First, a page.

The Mummy (1999)

mummy1_1999_poster
The Mummy (1999)
  • Time: 125 min
  • Genre: Action | Adventure | Fantasy
  • Director: Stephen Sommers
  • Cast: Brendan Fraser, Rachel Weisz, John Hannah

Storyline:

An English librarian called Evelyn Carnahan becomes interested in starting an archaeological dig at the ancient city of Hamunaptra. She gains the help of Rick O’Connell, after saving him from his death. What Evelyn, her brother Jonathan and Rick are unaware of is that another group of explorers are interested in the same dig. Unfortunately for everyone, this group ends up unleashing a curse which been laid on the dead High Priest Imhotep. Now ‘The Mummy’ is awake and it’s going to take a lot more than guns to send him back to where he came from.

2 reviews

  • Director Stephen Sommers’ version of the horror classic, The Mummy (1932), has been one of Universal’s most successful franchises. It’s also because of this that got Stephen Sommers famous. It also made a slew of other celebrities famous as well. And although it does not play like an Indiana Jones film, it pays homage to archaeologists and the magic within old architecture. Not mention this film made two more sequels.

    Starring in this film is Brendan Fraser, Rachel Weisz, John Hannah, and Arnold Vosloo as the mummy called Imhotep. This is the first film that I witnessed Arnold Vosloo and then later on I realized he also played in two other sequels of Sam Raimi’s Darkman (1990) series, which I thought he played really well. Brendan Fraser is not one of my top favorite actors but I do like the way he works in these kinds of films. I enjoyed his performance in Looney Tunes: Back In Action (2003), but I liked him even more in this film. The character of Fraser, Rick O’Connell has serious personality but in a goofy fashion. The rest of the characters in this film act the same way. Rachel Weisz’s character, Evelyn can be klutzy at times and so is her nitwit brother Jonathan played by John Hannah.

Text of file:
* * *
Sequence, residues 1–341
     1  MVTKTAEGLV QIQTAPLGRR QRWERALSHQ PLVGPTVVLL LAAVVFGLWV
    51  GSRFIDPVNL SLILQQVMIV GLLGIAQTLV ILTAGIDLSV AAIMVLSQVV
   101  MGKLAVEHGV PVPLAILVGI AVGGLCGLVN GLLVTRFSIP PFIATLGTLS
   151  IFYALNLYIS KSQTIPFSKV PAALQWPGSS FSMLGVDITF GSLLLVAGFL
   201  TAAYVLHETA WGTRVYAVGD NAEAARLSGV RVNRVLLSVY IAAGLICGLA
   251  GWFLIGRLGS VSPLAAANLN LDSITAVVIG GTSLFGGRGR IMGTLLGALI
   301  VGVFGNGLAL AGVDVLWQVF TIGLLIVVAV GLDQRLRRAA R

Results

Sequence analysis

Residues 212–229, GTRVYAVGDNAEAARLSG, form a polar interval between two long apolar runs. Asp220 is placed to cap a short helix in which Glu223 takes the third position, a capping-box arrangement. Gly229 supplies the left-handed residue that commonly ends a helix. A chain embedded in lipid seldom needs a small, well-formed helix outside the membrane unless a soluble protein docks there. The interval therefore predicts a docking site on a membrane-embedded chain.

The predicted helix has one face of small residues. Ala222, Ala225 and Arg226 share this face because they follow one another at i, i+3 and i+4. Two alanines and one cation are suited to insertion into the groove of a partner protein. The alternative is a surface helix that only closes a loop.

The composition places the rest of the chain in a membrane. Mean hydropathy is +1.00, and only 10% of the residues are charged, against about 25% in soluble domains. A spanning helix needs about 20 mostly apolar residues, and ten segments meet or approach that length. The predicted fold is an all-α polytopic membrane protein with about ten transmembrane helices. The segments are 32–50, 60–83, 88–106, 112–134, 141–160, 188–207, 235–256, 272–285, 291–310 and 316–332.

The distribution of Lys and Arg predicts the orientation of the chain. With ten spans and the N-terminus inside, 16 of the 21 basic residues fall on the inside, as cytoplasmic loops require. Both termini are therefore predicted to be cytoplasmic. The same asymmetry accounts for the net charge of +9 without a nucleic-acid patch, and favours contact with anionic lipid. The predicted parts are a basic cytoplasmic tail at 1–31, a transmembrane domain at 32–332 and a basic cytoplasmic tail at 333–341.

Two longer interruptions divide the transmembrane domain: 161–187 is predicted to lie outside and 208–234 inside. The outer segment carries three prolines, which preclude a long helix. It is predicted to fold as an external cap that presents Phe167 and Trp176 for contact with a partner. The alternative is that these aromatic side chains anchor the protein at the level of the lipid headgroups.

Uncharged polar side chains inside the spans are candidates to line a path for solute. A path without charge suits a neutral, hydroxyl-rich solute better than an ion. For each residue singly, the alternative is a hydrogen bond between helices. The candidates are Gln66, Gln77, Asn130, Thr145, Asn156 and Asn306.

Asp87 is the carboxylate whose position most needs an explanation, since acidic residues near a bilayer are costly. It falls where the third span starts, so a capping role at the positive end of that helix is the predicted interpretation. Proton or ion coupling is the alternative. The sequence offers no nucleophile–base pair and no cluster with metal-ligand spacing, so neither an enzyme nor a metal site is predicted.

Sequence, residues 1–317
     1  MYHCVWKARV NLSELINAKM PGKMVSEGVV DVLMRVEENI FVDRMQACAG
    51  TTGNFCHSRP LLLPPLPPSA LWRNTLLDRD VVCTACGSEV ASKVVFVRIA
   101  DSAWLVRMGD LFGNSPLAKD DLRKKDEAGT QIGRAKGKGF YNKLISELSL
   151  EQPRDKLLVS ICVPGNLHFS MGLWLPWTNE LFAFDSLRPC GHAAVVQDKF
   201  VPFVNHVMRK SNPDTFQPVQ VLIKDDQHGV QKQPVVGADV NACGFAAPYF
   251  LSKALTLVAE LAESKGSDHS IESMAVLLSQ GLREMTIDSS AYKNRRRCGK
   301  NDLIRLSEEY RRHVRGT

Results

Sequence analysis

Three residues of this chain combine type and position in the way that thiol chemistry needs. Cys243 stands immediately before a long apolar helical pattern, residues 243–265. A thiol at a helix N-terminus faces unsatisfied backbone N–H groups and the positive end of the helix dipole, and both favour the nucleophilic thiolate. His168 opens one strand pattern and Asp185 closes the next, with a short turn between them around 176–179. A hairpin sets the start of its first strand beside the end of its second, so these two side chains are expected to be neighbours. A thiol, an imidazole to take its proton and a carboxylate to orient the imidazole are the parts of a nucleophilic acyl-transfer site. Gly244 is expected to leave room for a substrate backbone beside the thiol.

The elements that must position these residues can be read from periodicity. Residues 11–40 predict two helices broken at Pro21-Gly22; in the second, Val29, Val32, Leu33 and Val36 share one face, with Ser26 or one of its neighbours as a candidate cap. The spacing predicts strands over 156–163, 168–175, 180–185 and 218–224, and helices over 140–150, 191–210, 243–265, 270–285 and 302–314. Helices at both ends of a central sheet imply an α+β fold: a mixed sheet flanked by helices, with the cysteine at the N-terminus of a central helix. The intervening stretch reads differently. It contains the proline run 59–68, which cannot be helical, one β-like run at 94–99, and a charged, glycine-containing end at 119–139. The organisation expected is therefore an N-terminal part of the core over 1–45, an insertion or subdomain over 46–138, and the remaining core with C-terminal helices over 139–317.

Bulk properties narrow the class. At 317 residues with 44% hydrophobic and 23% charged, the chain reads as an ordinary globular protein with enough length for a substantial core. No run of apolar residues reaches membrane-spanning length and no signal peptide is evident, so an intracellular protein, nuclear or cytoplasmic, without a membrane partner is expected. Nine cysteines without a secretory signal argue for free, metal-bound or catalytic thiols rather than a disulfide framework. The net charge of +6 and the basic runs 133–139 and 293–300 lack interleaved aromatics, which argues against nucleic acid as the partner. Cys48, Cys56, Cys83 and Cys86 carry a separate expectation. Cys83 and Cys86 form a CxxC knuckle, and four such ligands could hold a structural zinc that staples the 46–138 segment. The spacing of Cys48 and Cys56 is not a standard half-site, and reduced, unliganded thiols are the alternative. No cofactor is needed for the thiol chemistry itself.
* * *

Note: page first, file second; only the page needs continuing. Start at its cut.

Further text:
The goofiness is what’s good about this movie. The actors know their characters are silly and that makes it funny to watch. The stupidest person of all in this film is Jonathan. Truly, he does not know what he’s doing and in the end, he’s never satisfied; shows you how grateful he is to be alive (after all he’s been through). What also works great is the dialog. So much of it is serious but in such an indirect way that it doesn’t come off as serious. I guess this was the idea of Sommers’ mummy film. He wanted the audience to enjoy it with some decent action and funny one liners,…and it worked.

    The Mummy has a mix of multiple genres because how the screenplay is set up. Arnold Vosloo can play a pretty scary mummy; little kids will be terrified by him. The whole undead idea is the horror aspect. As for the silliness, that’s the comedy aspect. The action is great in this film too. Most of it using firearms but it does involve an interesting flight sequence and the finale is really fun to watch. Seeing O’Connell fight off a slew of undead Egyptian guards. Bring it on! Or as O’Connell said sarcastically, “This just keeps getting better and better”. Because 1999 was the time where special effects were really starting to get high- tech, this movie has some really nice visuals. Also the music is great which Jerry Goldsmith composed. I enjoyed this film very much and it really has a good reputation although less than half of critics liked it.

    Besides having a villain with the same name, this mummy movie is nothing like the original classic from 1932. What makes it different is Stephen Sommers’ direction of abandoning the slow droning tone and mostly replacing it with comedy, action and some shades of horror.

    Points Earned –> 10:10

  • You’ve seen it, you know what I’m talking about. The shot. An airplane flying over the desert. Chased by a wall of sand. In its center, a face whose mouth prepares to swallow its flying victim. Yes, the summer movie season officially begins with the sun and sand saga The Mummy.